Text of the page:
Young readers may be charmed to realize that the tree sprout near the old oak’s stump could by now be a sapling. This will...

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AS AN OAK TREE GROWS

From acorn to huge tree, an oak provides the focal point for this clear and simple look at over two centuries of change in a single landscape.

A small boy plants an acorn in summer, close to a wigwam, high above a wide river. Though readers will guess that the tall ships that appear in the river by autumn don’t belong to the same people whose canoe crosses toward shore in the first pages, Karas avoids editorializing. In the next pages, “The boy grew up and moved away. Farmers now lived here.” The perspective stays: the growing tree, the river below, hills rolling away to the horizon. But seasons change, the occupants of the house on the land are different on each spread, and the landscape transforms by human hands through agriculture and construction. Karas’ gouache-and-pencil art has a friendly, intimate quality. A timeline grows along the bottom of the page, beginning when the tree sprouts in 1775 and indicating the passage of time at a rate of 25 years per spread. The tree is brought down by a storm in 2000—here the narrative changes from past tense to a “you are there” present tense.

Young readers may be charmed to realize that the tree sprout near the old oak’s stump could by now be a sapling. This will invite repeat visits. (Informational picture book. 4-8)

Pub Date: Sept. 11, 2014

ISBN: 978-0-399-25233-4

Page Count: 32

Publisher: Nancy Paulsen Books

Review Posted Online: July 16, 2014

Kirkus Reviews Issue: Aug. 1, 2014

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Whimsy, intelligence, and a subtle narrative thread make this rise to the top of a growing list of self-love titles.

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YOU MATTER

Employing a cast of diverse children reminiscent of that depicted in Another (2019), Robinson shows that every living entity has value.

After opening endpapers that depict an aerial view of a busy playground, the perspective shifts to a black child, ponytails tied with beaded elastics, peering into a microscope. So begins an exercise in perspective. From those bits of green life under the lens readers move to “Those who swim with the tide / and those who don’t.” They observe a “pest”—a mosquito biting a dinosaur, a “really gassy” planet, and a dog whose walker—a child in a pink hijab—has lost hold of the leash. Periodically, the examples are validated with the titular refrain. Textured paint strokes and collage elements contrast with uncluttered backgrounds that move from white to black to white. The black pages in the middle portion foreground scenes in space, including a black astronaut viewing Earth; the astronaut is holding an image of another black youngster who appears on the next spread flying a toy rocket and looking lonely. There are many such visual connections, creating emotional interest and invitations for conversation. The story’s conclusion spins full circle, repeating opening sentences with new scenarios. From the microscopic to the cosmic, word and image illuminate the message without a whiff of didacticism.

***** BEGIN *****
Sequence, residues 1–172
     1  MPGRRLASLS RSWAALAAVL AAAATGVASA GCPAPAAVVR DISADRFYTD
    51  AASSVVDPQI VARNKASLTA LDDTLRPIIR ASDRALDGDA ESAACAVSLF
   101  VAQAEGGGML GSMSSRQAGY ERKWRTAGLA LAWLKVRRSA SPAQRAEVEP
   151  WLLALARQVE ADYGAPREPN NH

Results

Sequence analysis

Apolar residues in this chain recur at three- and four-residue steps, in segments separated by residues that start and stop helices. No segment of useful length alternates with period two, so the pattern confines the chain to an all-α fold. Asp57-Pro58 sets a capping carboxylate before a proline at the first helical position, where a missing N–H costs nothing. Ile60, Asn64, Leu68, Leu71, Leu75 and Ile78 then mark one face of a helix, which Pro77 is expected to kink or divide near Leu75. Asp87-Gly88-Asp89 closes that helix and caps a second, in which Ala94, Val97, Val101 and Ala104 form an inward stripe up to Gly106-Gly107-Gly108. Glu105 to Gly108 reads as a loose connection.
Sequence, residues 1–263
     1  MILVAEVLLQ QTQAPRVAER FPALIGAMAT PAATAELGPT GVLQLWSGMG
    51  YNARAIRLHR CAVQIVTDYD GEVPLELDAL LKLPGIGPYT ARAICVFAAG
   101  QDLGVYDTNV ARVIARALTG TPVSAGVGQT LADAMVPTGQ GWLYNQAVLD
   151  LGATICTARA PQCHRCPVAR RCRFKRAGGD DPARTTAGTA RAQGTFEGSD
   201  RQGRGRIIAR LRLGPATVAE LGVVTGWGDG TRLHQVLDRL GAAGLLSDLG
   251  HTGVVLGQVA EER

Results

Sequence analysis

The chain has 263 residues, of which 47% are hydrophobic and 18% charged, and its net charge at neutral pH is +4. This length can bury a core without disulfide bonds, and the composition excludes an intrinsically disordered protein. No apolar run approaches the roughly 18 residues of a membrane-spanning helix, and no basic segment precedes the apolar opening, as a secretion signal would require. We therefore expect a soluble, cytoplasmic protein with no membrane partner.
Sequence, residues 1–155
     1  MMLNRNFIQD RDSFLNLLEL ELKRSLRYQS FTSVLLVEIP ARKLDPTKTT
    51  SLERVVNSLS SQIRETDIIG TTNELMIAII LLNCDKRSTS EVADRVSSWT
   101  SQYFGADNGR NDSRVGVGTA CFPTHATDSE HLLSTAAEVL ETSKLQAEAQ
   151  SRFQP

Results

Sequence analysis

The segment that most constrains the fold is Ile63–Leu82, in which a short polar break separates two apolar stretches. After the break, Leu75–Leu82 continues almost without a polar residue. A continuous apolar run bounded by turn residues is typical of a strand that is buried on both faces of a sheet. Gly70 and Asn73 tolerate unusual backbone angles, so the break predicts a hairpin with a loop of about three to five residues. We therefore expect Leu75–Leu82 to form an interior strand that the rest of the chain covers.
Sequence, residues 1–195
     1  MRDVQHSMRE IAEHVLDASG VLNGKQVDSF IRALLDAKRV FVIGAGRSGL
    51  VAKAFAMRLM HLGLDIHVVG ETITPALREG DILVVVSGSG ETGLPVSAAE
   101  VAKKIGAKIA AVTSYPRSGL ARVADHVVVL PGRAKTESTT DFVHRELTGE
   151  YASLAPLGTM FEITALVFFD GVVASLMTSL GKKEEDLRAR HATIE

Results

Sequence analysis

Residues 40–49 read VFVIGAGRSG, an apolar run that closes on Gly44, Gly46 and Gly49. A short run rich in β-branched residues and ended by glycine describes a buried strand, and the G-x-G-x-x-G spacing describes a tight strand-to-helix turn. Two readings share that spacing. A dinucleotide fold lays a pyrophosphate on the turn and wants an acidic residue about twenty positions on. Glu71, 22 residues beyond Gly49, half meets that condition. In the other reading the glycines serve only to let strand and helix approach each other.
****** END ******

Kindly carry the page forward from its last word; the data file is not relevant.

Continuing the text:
Whimsy, intelligence, and a subtle narrative thread make this rise to the top of a growing list of self-love titles. (Picture book. 4-7)

Pub Date: June 2, 2020

ISBN: 978-1-5344-2169-1

Page Count: 40

Publisher: Atheneum

Review Posted Online: March 15, 2020

Kirkus Reviews Issue: April 1, 2020

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Cool and stylish.

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ADA TWIST, SCIENTIST

Her intellectual curiosity is surpassed only by her passion for science. But what to do about her messy experiments?

Ada is speechless until she turns 3. But once she learns how to break out of her crib, there’s no stopping the kinky-haired, brown-skinned girl. “She tore through the house on a fact-finding spree.” When she does start speaking, her favorite words are “why,” “how,” and “when.” Her parents, a fashion-forward black couple who sport a variety of trendy outfits, are dumbfounded, and her older brother can only point at her in astonishment. She amazes her friends with her experiments. Ada examines all the clocks in the house, studies the solar system, and analyzes all the smells she encounters. Fortunately, her parents stop her from putting the cat in the dryer, sending her instead to the Thinking Chair. But while there, she covers the wall with formulae. What can her parents do? Instead of punishing her passion, they decide to try to understand it. “It’s all in the heart of a young scientist.” Though her plot is negligible—Ada’s parents arguably change more than she does—Beaty delightfully advocates for girls in science in her now-trademark crisply rhyming text. Roberts’ illustrations, in watercolor, pen, and ink, manage to be both smart and silly; the page compositions artfully evoke the tumult of Ada’s curiosity, filling white backgrounds with questions and clutter.

Cool and stylish. (Picture book. 5-8)

Pub Date: Sept. 6, 2016

ISBN: 978-1-4197-2137-3

Page Count: 32

Publisher: Abrams

Review Posted Online: July 2, 2016

Kirkus Reviews Issue: July 15, 2016

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